Assembly of a nanostructure device by depositing building blocks on a substrate for further processing is currently done by liquid assisted methods, such as Langmuir-Blodgett film or fluidic alignment through micromolded channels. They are described in Nano Letters, 2003, v3, p1255, Science, 2001, v291, p630, Science, 2001, v291, p851. These prior art methods suffer from the fact that they can not achieve the degree of position control the modern semiconductor industry has down to 0.01 μm, as shown in FIGS. 2 and 4 of Science 2001, v291, p630, where broken, double, and tilted lines are seen. The positions are not highly controlled. Another drawback for these methods is that it is still experimental and has a difficult time to scale up for production.

The final step in making nanostructures into a functional device usually requires an electrical connection to a signal processing unit. The lack of positional control in the bottom-up approach in depositing the nanostructures on the substrate makes the final connection-making step difficult. Often the position of each nanostructure has to be determined by microscopy methods such as scanning electron microscopy or atomic force microscopy; then electron beam lithography or other serial lithography is used to make the connections. Or alternatively, preexisting contact structures are fabricated with top-down methods; nanoscale building blocks are then deposited onto these structures with contacts established by chance. Although small quantities of samples have been built using these techniques for lab studies, they are not suitable for large-scale manufacturing.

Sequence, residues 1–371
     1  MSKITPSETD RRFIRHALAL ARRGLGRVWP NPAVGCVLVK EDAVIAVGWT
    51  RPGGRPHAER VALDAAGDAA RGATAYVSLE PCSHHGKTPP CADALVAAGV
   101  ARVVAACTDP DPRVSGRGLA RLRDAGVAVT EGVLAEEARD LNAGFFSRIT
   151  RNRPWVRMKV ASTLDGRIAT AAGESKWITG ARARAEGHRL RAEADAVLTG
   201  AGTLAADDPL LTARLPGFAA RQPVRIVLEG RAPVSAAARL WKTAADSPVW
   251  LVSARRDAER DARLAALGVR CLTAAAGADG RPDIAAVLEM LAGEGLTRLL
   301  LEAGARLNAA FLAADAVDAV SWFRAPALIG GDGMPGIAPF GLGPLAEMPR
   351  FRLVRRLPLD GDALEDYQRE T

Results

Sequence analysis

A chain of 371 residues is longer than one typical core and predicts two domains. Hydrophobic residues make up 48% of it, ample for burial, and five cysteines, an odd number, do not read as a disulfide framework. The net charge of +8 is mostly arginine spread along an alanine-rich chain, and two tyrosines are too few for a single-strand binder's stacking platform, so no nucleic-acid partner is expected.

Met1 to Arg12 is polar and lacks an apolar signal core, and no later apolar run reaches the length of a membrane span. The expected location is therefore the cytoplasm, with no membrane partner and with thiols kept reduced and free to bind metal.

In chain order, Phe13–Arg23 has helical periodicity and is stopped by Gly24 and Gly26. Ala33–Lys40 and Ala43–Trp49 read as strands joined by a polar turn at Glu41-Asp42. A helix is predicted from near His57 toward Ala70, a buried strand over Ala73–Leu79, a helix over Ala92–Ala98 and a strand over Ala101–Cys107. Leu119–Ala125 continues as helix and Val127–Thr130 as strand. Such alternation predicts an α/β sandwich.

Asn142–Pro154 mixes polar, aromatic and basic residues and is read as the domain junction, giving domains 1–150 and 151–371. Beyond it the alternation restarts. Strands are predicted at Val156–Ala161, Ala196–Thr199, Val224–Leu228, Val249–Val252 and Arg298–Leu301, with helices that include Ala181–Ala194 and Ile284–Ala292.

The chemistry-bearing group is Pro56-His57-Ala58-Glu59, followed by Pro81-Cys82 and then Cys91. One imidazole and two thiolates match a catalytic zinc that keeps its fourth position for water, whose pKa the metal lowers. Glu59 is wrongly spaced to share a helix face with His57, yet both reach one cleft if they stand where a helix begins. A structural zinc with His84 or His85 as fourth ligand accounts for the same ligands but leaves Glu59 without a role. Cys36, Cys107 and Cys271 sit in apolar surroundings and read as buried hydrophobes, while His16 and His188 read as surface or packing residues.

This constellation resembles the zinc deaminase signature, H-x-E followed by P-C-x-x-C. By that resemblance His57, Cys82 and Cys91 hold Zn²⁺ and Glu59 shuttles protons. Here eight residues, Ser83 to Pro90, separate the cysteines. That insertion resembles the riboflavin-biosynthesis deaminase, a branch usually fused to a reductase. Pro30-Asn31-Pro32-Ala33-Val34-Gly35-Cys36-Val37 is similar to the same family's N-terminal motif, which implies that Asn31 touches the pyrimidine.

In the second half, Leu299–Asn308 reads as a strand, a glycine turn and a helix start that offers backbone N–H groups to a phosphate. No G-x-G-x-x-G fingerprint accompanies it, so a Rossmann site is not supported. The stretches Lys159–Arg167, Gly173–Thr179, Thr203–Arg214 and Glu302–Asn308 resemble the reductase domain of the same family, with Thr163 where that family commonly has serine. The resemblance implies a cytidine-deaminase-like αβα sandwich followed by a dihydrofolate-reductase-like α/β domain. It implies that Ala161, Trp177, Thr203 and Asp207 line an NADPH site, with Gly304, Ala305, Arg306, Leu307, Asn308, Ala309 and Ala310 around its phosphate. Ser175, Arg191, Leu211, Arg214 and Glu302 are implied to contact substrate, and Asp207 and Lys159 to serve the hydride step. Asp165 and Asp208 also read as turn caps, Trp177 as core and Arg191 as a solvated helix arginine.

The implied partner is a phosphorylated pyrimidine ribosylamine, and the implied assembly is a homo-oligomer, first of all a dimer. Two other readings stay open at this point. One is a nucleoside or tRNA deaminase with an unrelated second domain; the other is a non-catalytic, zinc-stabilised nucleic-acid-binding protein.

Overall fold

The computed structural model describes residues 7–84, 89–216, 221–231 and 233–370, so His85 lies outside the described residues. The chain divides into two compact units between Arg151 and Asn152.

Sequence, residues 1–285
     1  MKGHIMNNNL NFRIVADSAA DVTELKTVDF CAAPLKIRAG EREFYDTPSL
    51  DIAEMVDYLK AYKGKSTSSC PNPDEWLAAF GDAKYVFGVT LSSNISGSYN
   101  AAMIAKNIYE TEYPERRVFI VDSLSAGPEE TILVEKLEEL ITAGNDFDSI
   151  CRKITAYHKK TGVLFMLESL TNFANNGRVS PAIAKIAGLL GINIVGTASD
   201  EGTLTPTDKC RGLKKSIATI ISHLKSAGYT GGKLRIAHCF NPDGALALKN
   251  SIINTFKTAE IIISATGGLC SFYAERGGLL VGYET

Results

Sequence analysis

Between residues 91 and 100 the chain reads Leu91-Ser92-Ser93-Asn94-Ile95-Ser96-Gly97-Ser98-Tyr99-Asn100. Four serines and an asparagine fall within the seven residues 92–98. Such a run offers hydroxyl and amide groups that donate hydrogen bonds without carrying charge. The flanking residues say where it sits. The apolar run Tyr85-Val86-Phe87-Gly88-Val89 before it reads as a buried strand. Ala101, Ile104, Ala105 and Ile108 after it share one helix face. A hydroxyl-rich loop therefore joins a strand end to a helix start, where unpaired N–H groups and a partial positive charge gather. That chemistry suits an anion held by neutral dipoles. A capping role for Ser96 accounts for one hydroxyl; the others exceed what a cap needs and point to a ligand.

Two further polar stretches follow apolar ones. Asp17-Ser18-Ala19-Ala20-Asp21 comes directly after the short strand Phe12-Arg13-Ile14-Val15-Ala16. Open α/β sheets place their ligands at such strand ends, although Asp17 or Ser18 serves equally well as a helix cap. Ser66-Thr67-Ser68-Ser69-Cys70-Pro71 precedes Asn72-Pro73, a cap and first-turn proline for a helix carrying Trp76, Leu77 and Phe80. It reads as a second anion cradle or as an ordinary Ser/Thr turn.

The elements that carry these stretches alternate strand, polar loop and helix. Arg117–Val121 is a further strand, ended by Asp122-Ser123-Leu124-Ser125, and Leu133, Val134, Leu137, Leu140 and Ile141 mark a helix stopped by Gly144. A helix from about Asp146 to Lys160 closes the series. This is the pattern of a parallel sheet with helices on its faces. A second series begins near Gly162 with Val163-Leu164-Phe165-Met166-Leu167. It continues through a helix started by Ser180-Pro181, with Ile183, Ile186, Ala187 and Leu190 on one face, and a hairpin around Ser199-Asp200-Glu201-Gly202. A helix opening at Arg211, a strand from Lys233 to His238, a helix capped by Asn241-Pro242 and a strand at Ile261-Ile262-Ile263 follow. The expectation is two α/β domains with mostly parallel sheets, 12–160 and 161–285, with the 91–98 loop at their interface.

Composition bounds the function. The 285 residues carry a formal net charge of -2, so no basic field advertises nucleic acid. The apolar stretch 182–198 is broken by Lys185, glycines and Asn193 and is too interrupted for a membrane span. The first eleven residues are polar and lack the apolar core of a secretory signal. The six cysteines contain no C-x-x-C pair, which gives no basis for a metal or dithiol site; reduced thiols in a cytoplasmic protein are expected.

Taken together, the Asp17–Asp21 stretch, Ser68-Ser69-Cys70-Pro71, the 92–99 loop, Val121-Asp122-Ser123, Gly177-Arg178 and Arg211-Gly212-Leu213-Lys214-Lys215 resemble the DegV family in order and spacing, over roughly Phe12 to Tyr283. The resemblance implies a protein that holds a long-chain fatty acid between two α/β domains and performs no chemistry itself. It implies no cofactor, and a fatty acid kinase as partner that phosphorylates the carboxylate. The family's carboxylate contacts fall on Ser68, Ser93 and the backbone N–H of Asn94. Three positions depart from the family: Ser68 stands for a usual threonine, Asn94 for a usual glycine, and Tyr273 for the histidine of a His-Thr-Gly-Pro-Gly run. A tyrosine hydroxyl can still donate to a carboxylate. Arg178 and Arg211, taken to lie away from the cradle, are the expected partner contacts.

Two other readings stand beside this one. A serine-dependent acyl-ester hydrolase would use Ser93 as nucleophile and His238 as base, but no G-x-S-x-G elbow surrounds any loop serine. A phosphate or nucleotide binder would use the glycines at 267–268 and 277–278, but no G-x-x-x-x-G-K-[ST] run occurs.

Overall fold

To address this problem, a novel method is invented to produce high-density nanowire arrays, Science, v300, p 112. Although this method eliminated the nanowire synthesis step and the assembly step, since they have control over the nanowire position, it is still not a production-worthy method on the industrial scale. The method relies on the selective removal of AlGaAs in the AlGaAs/GaAs superlattice, and uses the superlattice as a mold to deposit materials on wafer. The area that can be patterned is defined by the superlattice thickness; to grow a superlattice up to 100 μm is a very time-consuming step. Even so, they can only pattern a 100-μm area at the most, and thus exhibit a slow throughput process. The method is also limited to produce only straight nanowire patterns, and not any other shapes.